Advertising Standards Authority withdraws ban on tv ads promoting cycling

 

Can you spot the "harmful and irresponsible" element in this picture?

In a rapid response to overwhelming public and political pressure the Adverstising Standards Authority have withdrawn their ban on television ads promoting cycilng and saftey.

In a startling adjudication published on Wednesday the ASA banned the broadcast of a Cycling Scotland TV ad promoting safe cycling and careful driving. The ban has now been lifted pending the outcome of an independent review. The ASA have even removed the origninal adjudication from their website. You can read it here.

The ad was part of Cycling Scotland's "Niceway Code" campaign issued last year. The ruling meant that all future TV advertising could only show cyclists wearing helmets and they could not ride safely as recommended by National Standards Cycle Training.

The ASA had said that the ad shown above was "harmful and irresponsible" because the cyclist is not wearing a helmet and is not cycling close to the edge of the road.

The ASA based their helmet ruling on the Highway Code good practice recommendation that cyclists should wear helmets yet they seem to be unaware of how controversial that advice is and that on three occasions the UK parliament has rejected bills for compulsory helmet wearing.

At the last official count only about a third of UK cyclists chose to wear helmets and fewer than that on quiet suburban roads. You are in fact less likely to be killed in a mile of cycling than a mile of walking (DfT Reported Road Casualties Great Britian table RAS30070).

 

Part of the ASA ruling was in direct contradiction of National Standards Cycle Training advice which says cyclists should not ride close to the gutter, on narrow roads they should be in the "primary" position so that they are clearly visible and so that cars overtake as directed by rule 163 of the Highway Code.

The ASA appeared to be making road rules up as they wanted suggesting cyclists should only ride 0.5 metres from the kerb or parked cars and allow cars to squeeze by without overtaking safely as shown above.

The view that cyclists should ride close to the left side is a common prejudice amongst non cyclists. The official advice is to stay away from parked cars to avoid the risk from opening doors. In London opening car doors are the third most common cause of serious injury to cyclists and are involved in 10% of cyclist fatalities.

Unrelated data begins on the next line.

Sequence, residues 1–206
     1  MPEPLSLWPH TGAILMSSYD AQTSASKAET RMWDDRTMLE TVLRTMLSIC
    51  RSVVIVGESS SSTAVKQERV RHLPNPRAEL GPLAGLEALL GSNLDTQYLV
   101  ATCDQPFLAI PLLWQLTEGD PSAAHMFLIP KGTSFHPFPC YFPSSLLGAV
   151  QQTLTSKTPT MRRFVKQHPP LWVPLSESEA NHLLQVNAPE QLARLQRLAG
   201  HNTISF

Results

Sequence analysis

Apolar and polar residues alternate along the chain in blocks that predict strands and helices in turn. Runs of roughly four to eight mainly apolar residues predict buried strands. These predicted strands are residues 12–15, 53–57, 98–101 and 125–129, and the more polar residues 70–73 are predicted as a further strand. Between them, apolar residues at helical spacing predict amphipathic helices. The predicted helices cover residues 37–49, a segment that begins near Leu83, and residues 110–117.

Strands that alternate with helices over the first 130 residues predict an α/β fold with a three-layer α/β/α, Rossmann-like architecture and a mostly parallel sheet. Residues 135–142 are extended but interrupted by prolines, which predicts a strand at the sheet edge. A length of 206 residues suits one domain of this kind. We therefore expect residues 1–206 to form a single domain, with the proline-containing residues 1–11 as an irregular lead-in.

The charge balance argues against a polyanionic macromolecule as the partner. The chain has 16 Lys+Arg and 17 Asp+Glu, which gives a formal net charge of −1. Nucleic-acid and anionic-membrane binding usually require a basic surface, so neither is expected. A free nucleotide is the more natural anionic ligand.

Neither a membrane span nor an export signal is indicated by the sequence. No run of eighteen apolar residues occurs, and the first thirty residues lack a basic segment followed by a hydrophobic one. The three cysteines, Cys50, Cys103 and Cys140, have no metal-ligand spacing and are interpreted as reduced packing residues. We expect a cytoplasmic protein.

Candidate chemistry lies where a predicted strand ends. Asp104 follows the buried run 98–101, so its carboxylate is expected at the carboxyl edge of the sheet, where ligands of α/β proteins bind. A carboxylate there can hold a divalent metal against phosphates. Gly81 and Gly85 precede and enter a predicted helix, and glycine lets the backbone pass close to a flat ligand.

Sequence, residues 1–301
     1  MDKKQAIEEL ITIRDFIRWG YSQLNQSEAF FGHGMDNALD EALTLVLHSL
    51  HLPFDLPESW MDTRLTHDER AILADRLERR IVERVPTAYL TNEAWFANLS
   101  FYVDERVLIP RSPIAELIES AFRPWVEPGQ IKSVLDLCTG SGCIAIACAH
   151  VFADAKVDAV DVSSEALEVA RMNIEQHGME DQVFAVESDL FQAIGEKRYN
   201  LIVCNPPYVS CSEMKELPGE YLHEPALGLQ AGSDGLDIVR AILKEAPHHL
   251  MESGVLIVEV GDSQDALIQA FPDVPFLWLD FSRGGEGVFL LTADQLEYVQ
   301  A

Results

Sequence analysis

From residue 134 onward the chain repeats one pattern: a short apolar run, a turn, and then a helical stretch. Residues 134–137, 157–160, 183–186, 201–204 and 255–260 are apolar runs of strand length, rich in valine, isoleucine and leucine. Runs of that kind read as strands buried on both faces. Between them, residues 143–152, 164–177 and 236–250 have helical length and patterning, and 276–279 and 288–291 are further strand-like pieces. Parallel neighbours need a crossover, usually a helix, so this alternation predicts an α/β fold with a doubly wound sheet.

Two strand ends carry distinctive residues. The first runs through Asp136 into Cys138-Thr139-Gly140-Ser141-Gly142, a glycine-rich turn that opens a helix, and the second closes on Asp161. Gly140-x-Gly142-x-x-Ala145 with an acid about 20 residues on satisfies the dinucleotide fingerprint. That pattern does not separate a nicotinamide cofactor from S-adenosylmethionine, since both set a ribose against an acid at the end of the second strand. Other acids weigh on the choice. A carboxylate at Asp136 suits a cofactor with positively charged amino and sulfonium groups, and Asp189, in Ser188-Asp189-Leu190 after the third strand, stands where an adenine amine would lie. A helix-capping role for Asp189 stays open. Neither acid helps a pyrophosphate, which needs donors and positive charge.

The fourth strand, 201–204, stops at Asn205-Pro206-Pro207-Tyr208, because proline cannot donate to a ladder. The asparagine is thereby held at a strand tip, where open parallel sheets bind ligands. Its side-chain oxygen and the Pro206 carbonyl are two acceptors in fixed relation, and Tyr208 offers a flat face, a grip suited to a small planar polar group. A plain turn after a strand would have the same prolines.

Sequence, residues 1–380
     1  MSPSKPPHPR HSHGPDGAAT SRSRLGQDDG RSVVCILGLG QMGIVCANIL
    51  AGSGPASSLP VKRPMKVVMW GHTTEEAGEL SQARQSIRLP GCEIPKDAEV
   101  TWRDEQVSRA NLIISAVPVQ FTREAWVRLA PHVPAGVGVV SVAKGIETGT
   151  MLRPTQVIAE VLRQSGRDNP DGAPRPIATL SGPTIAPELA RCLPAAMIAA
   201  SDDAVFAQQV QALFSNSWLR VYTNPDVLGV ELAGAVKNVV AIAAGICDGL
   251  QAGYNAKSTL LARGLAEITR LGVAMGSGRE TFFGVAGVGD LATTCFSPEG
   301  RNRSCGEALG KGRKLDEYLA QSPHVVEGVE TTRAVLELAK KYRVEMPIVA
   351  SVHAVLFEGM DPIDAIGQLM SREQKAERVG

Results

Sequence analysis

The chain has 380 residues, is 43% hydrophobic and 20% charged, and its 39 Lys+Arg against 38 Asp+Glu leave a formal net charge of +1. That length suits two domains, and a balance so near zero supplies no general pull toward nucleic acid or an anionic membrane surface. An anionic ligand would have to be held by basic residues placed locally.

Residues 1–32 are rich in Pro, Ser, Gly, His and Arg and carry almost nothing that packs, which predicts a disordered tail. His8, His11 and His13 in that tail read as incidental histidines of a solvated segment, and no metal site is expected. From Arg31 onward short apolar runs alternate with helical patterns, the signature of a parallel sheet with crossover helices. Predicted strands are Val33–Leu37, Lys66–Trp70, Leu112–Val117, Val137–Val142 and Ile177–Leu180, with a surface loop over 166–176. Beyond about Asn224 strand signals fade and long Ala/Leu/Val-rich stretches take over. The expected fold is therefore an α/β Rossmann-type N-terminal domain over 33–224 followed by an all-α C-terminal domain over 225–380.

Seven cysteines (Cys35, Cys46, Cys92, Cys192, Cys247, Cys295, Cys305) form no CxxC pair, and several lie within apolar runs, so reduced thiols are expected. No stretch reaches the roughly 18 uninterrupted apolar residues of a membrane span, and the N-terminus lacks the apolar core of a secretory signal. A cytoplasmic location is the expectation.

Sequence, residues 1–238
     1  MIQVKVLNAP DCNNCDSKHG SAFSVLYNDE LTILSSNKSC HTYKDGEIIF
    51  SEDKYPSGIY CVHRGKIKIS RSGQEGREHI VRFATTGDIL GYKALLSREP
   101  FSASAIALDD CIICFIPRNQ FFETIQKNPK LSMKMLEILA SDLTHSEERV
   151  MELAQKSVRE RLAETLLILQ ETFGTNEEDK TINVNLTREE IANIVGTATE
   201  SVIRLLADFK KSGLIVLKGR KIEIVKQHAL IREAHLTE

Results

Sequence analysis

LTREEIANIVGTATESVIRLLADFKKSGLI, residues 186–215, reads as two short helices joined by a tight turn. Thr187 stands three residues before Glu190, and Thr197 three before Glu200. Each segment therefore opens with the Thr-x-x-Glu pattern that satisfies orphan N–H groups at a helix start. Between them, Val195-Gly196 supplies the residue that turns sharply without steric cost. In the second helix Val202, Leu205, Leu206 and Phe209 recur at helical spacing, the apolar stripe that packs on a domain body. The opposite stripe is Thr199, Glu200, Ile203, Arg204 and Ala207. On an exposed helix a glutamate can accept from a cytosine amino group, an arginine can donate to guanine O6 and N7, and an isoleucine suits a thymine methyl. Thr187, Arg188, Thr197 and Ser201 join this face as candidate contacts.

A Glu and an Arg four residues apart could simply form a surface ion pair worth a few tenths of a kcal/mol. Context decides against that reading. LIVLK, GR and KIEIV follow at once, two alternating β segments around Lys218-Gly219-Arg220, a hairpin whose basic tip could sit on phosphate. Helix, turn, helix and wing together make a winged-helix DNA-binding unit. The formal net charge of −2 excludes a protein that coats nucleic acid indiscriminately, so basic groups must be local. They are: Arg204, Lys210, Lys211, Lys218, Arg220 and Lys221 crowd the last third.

The ASA have backed down on the day after a jury in Southampton acquitted a van driver who killed a cyclist, David Irving. The driver failed to give David enough space for cycling when overtaking, hitting his helmet from behind with the van's wing mirror.

 

MPs and public complain

As well as thousands of complaints from ordinary cyclists the the chief executive of the ASA received a strongly worded letter from the joint chairs of the All Party Parliamentary Cycling Group. You can read the letter here.

Julian Huppert MP and Ian Austin MP wrote:

"If the ASA position is that advisory comments in the Highway Code are to be taken as binding, does the ASA intend to ban, for example, adverts depicting pedestrians at night not wearing reflective items, as per rule 17?"

Other cyclists have pointed out that if the ASA took their own code seriously they would have to ban all car advertising under rule 4.1 "Advertisements must contain nothing that could cause physical, mental, moral or social harm to persons under the age of 18" and rule 4.4 "Advertisements must not include material that is likely to condone or encourage behaviour that prejudices health or safety."

The Association of Bikeability Schemes have issued a press release saying "If the ASA wish to issue guidance regarding how to reduce risk while cycling we would suggest that the ASA consult the National Standard for cycle training."

They have also offered cycle training sessions for the ASA staff and committee.

Independent Review

It is not yet clear how the ASA's "independet review" will be conducted. Cycling Scotland have already asked for a review. The ad was part of their "Niceway Code" safety campaign endorsed by Police Scotland, the Institute of Advanced Motorists, the AA and many other competent authorities. 

The ASA adjudication made it clear that Cycling Scotland had already supplied evidence supporting their policy of showing cyclists both with and without helmets. The policy "discussed the possible undesired outcomes of wearing helmets, including limiting uptake of cyling (leading to less physical activity) and influencing a driver's behaviour to be less careful when interacting on the road."

Cycling Scotland also provided evidence on riding in a safe road position from the recognised reference for cycletraining "Cyclecraft". They pointed out that the video was shot under the supervision of one of Scotland's leading cycle trainers.

 

Replies

  • By anita at 3:39pm 31 January 2014

Transport for London has put up posters everywhere which advise cyclists to ride at least one car-door-width away from parked cars. That cannot happen if we ride close to those cars, as the Advertising Authority clearly appears to think desirable. In narrow roads, of course, obedience to that particular piece of advice from TfL does not generate great enthusiasm amongst drivers ... although the posters are on those very same roads. I am an obedient type, TfL, you need not fear.

TfL also advises cyclists to ride well into the road, rather than close to the left; that is because drivers will overtake and kill us if we don't. I'm surprised all of this basic advice hasn't made its way to Scotland.

 

 

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